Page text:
Eugene Weekly : Letters : 12.31.09


Is EW done corrupting our youth? Apparently not yet! 

Not so long ago, we had that whole fiasco with our children being subjected to images of sado-masochism. That was pretty awful, gosh darn it. But one of your recent cover images (12/10) disturbs me even more! You portray a wide-eyed girl staring wondrously and vacantly at a cluster of stars and misty currents while she is holding a book What kind of message do you think you’re portraying? I see only one possibility.

The staff on this newspaper like to indoctrinate our youth into believing that reading books will make them more intelligent and capable in society as they progress through their childhood and adolescence. The very idea that a child should be reading books instead of watching TV is insulting. The world is harsh and cruel, let them learn it from our tried and true television programming rather than the insubstantial prospects proffered by the intangible value of imagination. 

Would the entire combined populations of all readers of this publications please stop whining about cover pages already? There’s bigger news out there.

James McDonald, Eugene


The recent “celebration” of Nazism at the UO is the current low point of Pacifica Forum’s journey from occasional anti-Semitic presentations to a sponsor of full-blown white supremacist neo-Nazi dogma. Pacifica Forum’s anti-Semitic programs inevitably attract the hard core to whom anti-Semitism is a gateway drug to other bigotries, and who use hate speech as a rallying point to attract others to their odious cause, now attacking Muslims, African-Americans, non-white immigrants, homosexuals and Latin-American citizens as well as Jews.

The UO has considerable responsibility for hosting the growth of this cancer without sufficient remedy and response. The UO has taken some remedial steps: An evening seminar on the Holocaust and Holocaust denial responded to Mark Weber’s appearance at UO, and former President Frohnmayer strongly condemned the “gutter bigotry” being fostered at PF.

But Pacifica Forum’s weekly presence is more consistent and vigorous in spreading the message of bigotry than the university has been in its mitigation efforts. The UO campus has consequently become the primary public outlet for white supremacist/ white nationalist/ neo-Nazi propaganda between Seattle and Sacramento.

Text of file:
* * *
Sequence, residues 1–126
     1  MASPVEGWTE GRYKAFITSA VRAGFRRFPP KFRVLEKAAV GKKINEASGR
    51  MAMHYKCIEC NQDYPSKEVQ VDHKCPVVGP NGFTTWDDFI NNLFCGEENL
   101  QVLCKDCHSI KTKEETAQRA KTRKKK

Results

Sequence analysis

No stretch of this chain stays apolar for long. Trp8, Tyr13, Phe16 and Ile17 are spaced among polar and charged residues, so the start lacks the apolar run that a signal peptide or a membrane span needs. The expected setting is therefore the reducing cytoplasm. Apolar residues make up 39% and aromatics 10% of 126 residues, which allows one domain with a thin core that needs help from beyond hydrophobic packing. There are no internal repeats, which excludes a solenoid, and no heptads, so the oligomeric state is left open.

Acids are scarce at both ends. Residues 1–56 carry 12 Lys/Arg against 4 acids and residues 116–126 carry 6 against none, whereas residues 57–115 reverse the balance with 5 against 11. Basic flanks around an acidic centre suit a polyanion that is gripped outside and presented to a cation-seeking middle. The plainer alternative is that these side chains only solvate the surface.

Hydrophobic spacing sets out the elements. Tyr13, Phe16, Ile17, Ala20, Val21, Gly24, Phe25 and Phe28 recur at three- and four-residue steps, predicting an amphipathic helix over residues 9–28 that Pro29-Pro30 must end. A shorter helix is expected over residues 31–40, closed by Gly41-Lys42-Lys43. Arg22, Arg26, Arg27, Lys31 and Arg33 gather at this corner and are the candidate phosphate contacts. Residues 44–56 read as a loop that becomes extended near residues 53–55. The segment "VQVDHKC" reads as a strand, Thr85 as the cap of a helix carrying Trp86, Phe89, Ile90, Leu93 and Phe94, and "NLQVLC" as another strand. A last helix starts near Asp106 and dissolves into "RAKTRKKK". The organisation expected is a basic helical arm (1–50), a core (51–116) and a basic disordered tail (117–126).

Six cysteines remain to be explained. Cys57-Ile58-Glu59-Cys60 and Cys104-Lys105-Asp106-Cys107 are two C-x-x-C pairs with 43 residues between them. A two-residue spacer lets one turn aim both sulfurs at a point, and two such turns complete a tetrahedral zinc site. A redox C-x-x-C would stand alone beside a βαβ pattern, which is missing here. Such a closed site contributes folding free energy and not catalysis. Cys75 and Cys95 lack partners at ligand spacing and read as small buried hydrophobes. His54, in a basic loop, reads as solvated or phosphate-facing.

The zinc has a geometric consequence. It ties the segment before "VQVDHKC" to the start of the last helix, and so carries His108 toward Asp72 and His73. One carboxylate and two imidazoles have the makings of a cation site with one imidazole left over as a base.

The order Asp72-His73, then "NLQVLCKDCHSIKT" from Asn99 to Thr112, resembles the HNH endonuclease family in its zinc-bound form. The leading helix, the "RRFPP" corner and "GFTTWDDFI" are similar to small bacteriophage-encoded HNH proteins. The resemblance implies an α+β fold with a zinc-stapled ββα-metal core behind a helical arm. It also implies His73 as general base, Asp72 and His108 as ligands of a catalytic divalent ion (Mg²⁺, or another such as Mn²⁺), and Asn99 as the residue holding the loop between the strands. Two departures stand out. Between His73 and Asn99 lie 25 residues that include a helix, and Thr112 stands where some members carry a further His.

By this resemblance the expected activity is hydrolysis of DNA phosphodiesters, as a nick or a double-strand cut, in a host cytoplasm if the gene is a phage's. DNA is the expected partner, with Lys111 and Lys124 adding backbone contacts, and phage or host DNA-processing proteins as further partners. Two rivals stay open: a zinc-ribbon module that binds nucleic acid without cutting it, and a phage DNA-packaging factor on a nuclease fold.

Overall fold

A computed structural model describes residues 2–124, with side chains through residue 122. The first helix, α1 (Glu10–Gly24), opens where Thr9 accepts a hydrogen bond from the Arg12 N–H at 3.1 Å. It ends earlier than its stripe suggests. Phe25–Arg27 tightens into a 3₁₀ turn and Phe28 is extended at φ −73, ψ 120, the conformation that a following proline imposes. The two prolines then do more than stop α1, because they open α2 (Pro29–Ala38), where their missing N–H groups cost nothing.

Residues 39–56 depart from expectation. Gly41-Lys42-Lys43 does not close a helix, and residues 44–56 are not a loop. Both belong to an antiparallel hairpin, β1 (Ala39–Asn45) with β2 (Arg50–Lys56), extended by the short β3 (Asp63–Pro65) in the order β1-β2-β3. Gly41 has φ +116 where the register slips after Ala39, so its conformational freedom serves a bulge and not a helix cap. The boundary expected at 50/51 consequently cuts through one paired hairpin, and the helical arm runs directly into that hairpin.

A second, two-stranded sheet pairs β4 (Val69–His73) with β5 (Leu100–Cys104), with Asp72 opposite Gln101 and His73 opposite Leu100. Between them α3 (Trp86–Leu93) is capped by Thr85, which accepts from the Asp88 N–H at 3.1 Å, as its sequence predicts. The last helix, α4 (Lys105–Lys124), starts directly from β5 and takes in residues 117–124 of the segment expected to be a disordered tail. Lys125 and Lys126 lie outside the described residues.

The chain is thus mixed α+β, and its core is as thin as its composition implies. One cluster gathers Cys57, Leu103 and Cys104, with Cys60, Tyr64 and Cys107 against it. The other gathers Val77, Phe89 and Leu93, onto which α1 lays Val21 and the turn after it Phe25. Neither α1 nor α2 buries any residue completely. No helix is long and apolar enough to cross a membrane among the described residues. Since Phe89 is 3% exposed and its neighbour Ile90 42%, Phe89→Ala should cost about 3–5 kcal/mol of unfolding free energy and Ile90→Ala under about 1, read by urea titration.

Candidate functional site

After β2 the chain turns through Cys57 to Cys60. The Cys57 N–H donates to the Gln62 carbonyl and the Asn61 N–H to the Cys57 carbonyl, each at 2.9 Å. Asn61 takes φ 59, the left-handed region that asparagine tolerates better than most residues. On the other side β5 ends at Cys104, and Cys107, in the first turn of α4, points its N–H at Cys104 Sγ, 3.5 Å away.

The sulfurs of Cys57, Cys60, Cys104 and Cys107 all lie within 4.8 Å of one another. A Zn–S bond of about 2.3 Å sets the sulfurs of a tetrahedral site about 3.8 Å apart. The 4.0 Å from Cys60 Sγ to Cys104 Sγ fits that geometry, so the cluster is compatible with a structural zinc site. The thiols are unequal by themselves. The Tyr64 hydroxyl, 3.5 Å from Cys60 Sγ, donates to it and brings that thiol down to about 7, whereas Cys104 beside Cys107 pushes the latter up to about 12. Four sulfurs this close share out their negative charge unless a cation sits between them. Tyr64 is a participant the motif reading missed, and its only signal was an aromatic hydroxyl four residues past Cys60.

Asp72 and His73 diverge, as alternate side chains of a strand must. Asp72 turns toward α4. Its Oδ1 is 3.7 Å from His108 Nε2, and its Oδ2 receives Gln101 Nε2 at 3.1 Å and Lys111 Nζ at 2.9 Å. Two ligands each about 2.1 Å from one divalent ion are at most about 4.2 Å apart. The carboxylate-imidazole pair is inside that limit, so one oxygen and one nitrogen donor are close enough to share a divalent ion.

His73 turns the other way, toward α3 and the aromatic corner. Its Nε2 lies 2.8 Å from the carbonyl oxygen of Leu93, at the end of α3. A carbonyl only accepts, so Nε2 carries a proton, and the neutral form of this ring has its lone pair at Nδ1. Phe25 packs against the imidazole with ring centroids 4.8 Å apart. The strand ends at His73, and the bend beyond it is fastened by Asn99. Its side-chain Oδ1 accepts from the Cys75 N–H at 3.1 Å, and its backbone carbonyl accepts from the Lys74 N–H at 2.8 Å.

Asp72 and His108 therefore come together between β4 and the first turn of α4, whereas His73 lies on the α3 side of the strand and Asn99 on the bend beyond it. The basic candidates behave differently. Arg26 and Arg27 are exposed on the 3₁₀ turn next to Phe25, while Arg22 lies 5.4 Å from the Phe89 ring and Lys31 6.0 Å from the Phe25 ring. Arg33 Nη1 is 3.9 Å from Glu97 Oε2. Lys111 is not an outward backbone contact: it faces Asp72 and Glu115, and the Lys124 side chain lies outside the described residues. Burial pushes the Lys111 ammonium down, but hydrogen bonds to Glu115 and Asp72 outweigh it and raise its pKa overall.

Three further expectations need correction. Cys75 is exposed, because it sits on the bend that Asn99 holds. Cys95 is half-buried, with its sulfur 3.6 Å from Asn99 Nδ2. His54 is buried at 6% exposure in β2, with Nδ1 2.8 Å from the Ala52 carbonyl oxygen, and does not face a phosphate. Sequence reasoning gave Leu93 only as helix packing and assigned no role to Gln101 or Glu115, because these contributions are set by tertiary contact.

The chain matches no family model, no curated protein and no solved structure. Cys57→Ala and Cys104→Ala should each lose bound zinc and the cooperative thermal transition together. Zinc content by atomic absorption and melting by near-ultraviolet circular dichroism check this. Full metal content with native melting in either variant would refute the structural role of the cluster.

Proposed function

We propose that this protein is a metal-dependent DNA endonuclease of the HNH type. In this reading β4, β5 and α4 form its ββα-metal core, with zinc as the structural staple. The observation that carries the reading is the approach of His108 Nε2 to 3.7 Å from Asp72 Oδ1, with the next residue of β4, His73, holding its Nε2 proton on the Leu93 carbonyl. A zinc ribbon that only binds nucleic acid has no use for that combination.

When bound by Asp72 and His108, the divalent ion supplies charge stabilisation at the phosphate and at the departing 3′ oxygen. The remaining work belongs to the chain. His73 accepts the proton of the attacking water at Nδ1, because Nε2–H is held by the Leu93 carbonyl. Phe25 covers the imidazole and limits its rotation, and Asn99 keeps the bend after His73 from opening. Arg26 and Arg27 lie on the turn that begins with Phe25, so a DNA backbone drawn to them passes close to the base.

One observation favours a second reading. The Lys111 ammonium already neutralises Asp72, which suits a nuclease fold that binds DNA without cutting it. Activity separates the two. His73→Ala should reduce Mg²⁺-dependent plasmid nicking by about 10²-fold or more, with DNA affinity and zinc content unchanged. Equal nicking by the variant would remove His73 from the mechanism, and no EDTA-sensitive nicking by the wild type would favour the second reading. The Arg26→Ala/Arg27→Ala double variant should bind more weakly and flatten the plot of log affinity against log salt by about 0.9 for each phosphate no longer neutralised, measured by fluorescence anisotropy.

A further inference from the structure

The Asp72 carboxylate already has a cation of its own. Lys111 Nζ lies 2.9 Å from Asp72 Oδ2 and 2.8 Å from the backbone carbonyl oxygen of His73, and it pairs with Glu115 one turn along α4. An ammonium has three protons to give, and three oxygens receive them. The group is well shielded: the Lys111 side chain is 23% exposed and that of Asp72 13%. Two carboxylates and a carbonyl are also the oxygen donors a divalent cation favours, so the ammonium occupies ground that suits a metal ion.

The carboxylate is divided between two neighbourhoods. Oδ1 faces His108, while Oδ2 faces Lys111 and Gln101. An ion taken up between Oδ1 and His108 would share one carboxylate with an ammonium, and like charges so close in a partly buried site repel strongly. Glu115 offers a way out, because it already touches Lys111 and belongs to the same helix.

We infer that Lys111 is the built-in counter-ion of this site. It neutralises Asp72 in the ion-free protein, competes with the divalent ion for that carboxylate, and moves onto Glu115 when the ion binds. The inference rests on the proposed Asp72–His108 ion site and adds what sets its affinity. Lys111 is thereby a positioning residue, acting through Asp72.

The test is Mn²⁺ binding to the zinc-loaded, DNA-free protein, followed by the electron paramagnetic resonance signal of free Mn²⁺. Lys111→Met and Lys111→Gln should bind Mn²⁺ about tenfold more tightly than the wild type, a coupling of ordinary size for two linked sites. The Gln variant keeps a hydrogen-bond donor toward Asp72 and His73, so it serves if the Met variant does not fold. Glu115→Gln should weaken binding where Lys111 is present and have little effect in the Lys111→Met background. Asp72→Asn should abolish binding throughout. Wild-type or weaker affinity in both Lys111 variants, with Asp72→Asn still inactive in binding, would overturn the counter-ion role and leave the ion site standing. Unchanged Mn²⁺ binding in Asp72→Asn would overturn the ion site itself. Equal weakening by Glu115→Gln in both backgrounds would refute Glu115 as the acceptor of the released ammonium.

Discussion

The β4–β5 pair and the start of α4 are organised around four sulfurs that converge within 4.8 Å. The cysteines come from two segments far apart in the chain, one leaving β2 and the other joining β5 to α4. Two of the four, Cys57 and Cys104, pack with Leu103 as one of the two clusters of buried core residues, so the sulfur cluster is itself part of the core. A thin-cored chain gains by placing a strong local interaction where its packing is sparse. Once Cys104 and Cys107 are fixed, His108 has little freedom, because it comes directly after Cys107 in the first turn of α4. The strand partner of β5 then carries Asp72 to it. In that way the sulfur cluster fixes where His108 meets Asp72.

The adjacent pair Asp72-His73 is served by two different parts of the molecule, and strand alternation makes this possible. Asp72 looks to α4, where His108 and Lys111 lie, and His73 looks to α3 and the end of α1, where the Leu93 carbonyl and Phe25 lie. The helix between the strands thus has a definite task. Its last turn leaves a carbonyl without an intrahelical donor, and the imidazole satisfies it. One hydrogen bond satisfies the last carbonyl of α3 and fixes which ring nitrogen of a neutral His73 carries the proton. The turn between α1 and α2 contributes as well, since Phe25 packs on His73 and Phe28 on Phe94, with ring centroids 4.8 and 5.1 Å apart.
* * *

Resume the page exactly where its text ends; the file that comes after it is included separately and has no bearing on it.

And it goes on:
Public pressure works. Pacifica Forum has cleansed its programming of bigotry for two extended periods. One was spring 2005 to spring 2006, beginning after Pacifica Forum lost its last sponsor. The second was early spring 2007 through October, following public outcry, editorials, articles and official statements from the university following the “Anelauskas lectures.”

Pacifica Forum obviously can present programs within the bounds of our community’s morality and standards. Last week’s letter in EW from Charles Martinez, UO VP of Equity and Diversity, invited us “to take personal responsibility for creating an environment where hateful acts and the espousal of hateful ideas, without context to the university mission of continuing education, is not tolerated.”

PF speakers have the legal right to advocate loathsome doctrines, but we do not have to be quietly tolerant when that right is irresponsibly exercised. We can state loud and clear that while we legally tolerate these programs, we are not morally tolerant of the doctrines of hate and bigotry espoused there, that these have no place in our community. Let the university and surrounding community exercise our free speech by declaring that Pacifica Forum has violated our standards of acceptance, diversity and decency. 

Michael Williams, Eugene


Alan Pittman’s “news” article on the merger of Eugene and Springfield fire departments is about the most butchered rhetorical snip of opinion I’ve read in a long time.

He starts by calling the merger a “rush” and later talks about “the thousands of hours spent studying the merger.” So which is it? There are no secrets here. Both cities have discussed this into the ground. Both sides paid for an extensive study. Top managers on both sides agree with the study. Labor on both sides agree with the study. Where is the “rush”?

Pittman talks about the “ambulance ride to the hospital.” I am not saying the price is too high or fair or too low but Pittman describes it inaccurately. The “ambulance drivers” are not just a bunch of “high school graduates making up to $89,000 a year.” That salary would likely be an anomaly and not account for overtime. The average salary is much lower.

Most “ambulance drivers” are dual-role firefighter/ paramedics and most all have at least an AA degree, some have bachelor degrees. In the state of Oregon you must have a degree to be a paramedic.

I believe the merger would eliminate duplicity in upper management as in the fire marshal from Springfield supervising the deputy fire marshals from both cities.

Springfield firefighters currently train and respond sometimes daily into Eugene for emergencies. The wages from both cities aren’t that far apart.

Springfield has the resourses to provide mutual aid to Eugene. Some, but not all, of Springfield’s apparatus are leased. Springfield has much of the specialty resources you mentioned. We aren’t a bunch of hicks sitting around playing checkers.

As populations grow and boundaries blur, fire and or police mergers make sense. They are more efficient and save taxpayers millions.